Sandy Angus—founder of six fairs across Asia—on his mistakes, MCH Group and a new event in China
Angus Montgomery Arts
If it hadnt been for a chance encounter in Tripoli many years ago, Sandy Angus might have been wielding a stethoscope rather than organising art fairs.
He was set to study medicine in Edinburgh, but instead he went travelling and then started working with Bryan Montgomery, whom he had met in Libya. Montgomery, whose family-owned trade fair business was started in 1895, recruited him—and ever since Angus has remained in the company, of which he is now chairman.
While the art world knows Angus Montgomery through numerous fairs, from Photofairs San Francisco to the recent inaugural Taipei Dangdai, the art side is in fact part of a much bigger business—the firm has over 60 trade fairs across the world, specialising in everything from mining and building to hospitality. Including Sydney Contemporary, India Art Fair, Photofairs Shanghai, Art Central Hong Kong and the planned ART SG in Singapore, Angus Montgomery holds more such events in the Far East than any other organiser.
Although honoured with a string of awards in the events industry, Angus is diffident and undemonstrative, and has never sought what he calls the limelight. “I dont need to feed an ego,” he says. We are talking over Skype; Angus is at the Kochi Biennale, having just travelled on from Delhi after the India Art Fair closed. India is well known to him—he was born to Scottish tea-plantation owners in Tamil Nadu in 1945 and lived there as a child.
The India Art Fair, co-owned by Angus since 2011, has been the subject of much speculation, after the Swiss events company MCH Group—also the owner of Art Basel—decided last year to abandon its planned portfolio of regional fairs. MCH is seeking to sell its majority stake in the Delhi event, but so far has not found a buyer. “When I originally encouraged [the founder] Neha Kirpal to sell to MCH, I thought the fair would be well looked after, and it was,” Angus explains: “But MCH is an investment group and it doesnt speak to Art Basel at all—one of the real problems was that there was absolutely no input of any sort from Art Basel, with whom we have a good relationship. My worry is that now it might sell to an Indian businessman who will have his own agenda.”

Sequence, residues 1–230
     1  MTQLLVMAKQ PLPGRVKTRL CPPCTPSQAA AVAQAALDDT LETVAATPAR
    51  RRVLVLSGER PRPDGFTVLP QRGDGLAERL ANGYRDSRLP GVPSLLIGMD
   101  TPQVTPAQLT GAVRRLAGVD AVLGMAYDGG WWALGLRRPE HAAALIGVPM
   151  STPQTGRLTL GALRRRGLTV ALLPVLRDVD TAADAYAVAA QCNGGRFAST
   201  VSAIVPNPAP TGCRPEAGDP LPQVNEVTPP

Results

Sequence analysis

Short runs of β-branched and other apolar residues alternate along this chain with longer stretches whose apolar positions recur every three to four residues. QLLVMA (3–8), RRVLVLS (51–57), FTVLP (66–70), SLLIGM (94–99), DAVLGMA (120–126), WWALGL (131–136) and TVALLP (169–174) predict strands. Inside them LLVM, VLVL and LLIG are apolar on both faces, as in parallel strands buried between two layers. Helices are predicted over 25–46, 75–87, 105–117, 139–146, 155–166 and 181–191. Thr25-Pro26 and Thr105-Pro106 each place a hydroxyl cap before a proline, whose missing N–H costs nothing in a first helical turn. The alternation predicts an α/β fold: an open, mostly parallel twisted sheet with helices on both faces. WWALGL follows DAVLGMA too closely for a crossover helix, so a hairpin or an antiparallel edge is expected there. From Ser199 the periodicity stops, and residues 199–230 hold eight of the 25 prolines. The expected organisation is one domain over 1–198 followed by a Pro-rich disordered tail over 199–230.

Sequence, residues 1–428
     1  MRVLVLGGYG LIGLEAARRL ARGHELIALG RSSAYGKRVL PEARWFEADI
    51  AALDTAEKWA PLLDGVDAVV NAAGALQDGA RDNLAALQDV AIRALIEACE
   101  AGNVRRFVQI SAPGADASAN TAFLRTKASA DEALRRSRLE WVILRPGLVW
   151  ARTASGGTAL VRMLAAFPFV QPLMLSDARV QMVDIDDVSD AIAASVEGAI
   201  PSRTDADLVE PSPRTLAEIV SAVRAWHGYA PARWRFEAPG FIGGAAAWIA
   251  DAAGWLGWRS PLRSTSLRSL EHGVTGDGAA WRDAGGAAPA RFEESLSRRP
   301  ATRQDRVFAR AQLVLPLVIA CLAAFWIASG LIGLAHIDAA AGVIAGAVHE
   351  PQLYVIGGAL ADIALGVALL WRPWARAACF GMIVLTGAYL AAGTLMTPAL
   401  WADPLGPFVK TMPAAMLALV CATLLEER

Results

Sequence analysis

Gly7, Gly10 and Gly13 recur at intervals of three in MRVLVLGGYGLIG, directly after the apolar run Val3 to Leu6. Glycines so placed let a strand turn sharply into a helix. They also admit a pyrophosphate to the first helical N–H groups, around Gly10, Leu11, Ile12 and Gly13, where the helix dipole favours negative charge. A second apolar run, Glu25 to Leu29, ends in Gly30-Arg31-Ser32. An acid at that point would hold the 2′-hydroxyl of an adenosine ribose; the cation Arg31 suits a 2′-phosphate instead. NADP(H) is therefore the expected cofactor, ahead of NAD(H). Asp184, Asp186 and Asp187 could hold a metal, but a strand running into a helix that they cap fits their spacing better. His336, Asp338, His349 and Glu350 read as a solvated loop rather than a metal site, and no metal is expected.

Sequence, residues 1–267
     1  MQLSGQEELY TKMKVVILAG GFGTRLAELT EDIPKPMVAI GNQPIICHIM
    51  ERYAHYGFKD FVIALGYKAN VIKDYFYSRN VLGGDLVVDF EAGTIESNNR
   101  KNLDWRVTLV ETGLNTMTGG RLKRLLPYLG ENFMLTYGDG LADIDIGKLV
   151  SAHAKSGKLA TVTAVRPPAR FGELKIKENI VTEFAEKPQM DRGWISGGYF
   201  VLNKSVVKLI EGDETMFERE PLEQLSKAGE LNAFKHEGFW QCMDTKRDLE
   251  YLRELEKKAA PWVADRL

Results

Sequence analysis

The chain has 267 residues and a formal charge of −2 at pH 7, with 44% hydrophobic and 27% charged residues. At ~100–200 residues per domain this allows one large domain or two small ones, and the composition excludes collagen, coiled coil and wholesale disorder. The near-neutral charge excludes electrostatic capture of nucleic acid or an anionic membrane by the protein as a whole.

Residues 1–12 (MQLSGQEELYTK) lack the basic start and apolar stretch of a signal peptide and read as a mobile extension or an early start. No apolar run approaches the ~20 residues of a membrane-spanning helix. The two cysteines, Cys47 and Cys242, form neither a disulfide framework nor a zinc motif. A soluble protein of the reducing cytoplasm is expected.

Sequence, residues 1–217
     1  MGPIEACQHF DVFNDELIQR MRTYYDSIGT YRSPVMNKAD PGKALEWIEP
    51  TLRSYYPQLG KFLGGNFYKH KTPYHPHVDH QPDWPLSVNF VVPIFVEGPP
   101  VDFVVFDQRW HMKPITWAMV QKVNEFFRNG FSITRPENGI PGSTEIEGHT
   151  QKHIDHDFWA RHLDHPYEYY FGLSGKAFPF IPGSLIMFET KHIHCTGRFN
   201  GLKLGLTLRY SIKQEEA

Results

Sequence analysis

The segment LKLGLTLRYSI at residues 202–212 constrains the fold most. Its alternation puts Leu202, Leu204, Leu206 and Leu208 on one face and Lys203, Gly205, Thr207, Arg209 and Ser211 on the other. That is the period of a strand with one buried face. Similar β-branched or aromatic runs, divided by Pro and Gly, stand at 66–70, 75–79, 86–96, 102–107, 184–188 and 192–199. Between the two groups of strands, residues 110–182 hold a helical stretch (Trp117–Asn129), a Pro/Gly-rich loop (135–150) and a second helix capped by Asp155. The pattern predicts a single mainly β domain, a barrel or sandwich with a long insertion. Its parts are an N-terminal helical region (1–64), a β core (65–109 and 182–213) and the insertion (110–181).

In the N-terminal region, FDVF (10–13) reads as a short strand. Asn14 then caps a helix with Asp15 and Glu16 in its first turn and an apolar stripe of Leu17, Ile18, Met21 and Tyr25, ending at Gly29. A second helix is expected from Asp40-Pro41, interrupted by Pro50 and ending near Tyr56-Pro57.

MCH has also pulled out of Art SG, the Singapore fair planned for 1-3 November. Magnus Renfrew, the director of Taipei Dangdai, has taken up a stake, but the abrupt cancellation of Art Stage Singapore in January has been severely damaging, Angus says: “It shook us. It was a massive blow to the prestige of running an art fair in Singapore. We now need the support of the authorities to go ahead.”
Angus readily admits to making mistakes during his career. “Starting an art fair takes a lot of money and if it goes wrong it can cost a huge amount of money,” he says. He points to Londons Art13, which was cancelled after the third edition in 2016. “We spent nearly £1m trying to get a fair going in London,” he says: “But we never got sufficient traction. We didnt aim high enough in the quality of the galleries.”
Also loss-making is Photofairs San Francisco, which he says has cost $1m in two editions. It has now been relocated to a smaller space downtown and moved to spring 2020: “The problem is that the price points in photography are much lower, so these fairs are much more difficult to establish—but I do believe in photography, it is a seductive medium that people love.” Following this interview, at the start of March, Angus Montgomery announced the cancellation of Photofairs San Francisco but, in a statement to exhibitors the company said it remained "committed to the US in the long-term."
Putting it right
As for the recently launched Taipei Dangdai, he admits that sales among the mid-level galleries were less than stellar: “The big galleries did well, as did the Taiwanese ones with their local clients,” Angus says: “But the mid-level did not do so well, at the level Read More – Source